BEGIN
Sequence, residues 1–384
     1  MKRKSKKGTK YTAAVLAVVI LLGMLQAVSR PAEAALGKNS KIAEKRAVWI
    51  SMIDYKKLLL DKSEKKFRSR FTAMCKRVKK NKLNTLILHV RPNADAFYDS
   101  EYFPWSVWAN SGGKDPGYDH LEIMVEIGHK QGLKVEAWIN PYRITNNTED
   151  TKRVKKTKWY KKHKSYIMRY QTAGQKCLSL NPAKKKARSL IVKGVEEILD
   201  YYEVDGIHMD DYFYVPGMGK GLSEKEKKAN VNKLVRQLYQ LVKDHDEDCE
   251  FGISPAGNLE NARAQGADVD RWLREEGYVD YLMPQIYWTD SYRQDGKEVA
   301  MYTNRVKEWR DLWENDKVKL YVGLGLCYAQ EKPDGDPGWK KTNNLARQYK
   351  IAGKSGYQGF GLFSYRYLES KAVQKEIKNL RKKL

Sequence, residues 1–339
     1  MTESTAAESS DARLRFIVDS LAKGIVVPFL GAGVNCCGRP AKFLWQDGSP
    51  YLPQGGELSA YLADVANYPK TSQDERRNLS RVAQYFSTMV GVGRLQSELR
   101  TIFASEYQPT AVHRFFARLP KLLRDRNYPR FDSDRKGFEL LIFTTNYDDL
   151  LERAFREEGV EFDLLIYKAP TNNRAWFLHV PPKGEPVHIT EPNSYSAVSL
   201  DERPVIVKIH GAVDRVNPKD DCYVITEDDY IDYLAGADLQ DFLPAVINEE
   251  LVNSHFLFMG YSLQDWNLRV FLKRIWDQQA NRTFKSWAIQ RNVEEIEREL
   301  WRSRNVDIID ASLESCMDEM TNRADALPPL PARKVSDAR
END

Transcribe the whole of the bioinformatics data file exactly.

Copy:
Sequence, residues 1–384
     1  MKRKSKKGTK YTAAVLAVVI LLGMLQAVSR PAEAALGKNS KIAEKRAVWI
    51  SMIDYKKLLL DKSEKKFRSR FTAMCKRVKK NKLNTLILHV RPNADAFYDS
   101  EYFPWSVWAN SGGKDPGYDH LEIMVEIGHK QGLKVEAWIN PYRITNNTED
   151  TKRVKKTKWY KKHKSYIMRY QTAGQKCLSL NPAKKKARSL IVKGVEEILD
   201  YYEVDGIHMD DYFYVPGMGK GLSEKEKKAN VNKLVRQLYQ LVKDHDEDCE
   251  FGISPAGNLE NARAQGADVD RWLREEGYVD YLMPQIYWTD SYRQDGKEVA
   301  MYTNRVKEWR DLWENDKVKL YVGLGLCYAQ EKPDGDPGWK KTNNLARQYK
   351  IAGKSGYQGF GLFSYRYLES KAVQKEIKNL RKKL

Sequence, residues 1–339
     1  MTESTAAESS DARLRFIVDS LAKGIVVPFL GAGVNCCGRP AKFLWQDGSP
    51  YLPQGGELSA YLADVANYPK TSQDERRNLS RVAQYFSTMV GVGRLQSELR
   101  TIFASEYQPT AVHRFFARLP KLLRDRNYPR FDSDRKGFEL LIFTTNYDDL
   151  LERAFREEGV EFDLLIYKAP TNNRAWFLHV PPKGEPVHIT EPNSYSAVSL
   201  DERPVIVKIH GAVDRVNPKD DCYVITEDDY IDYLAGADLQ DFLPAVINEE
   251  LVNSHFLFMG YSLQDWNLRV FLKRIWDQQA NRTFKSWAIQ RNVEEIEREL
   301  WRSRNVDIID ASLESCMDEM TNRADALPPL PARKVSDAR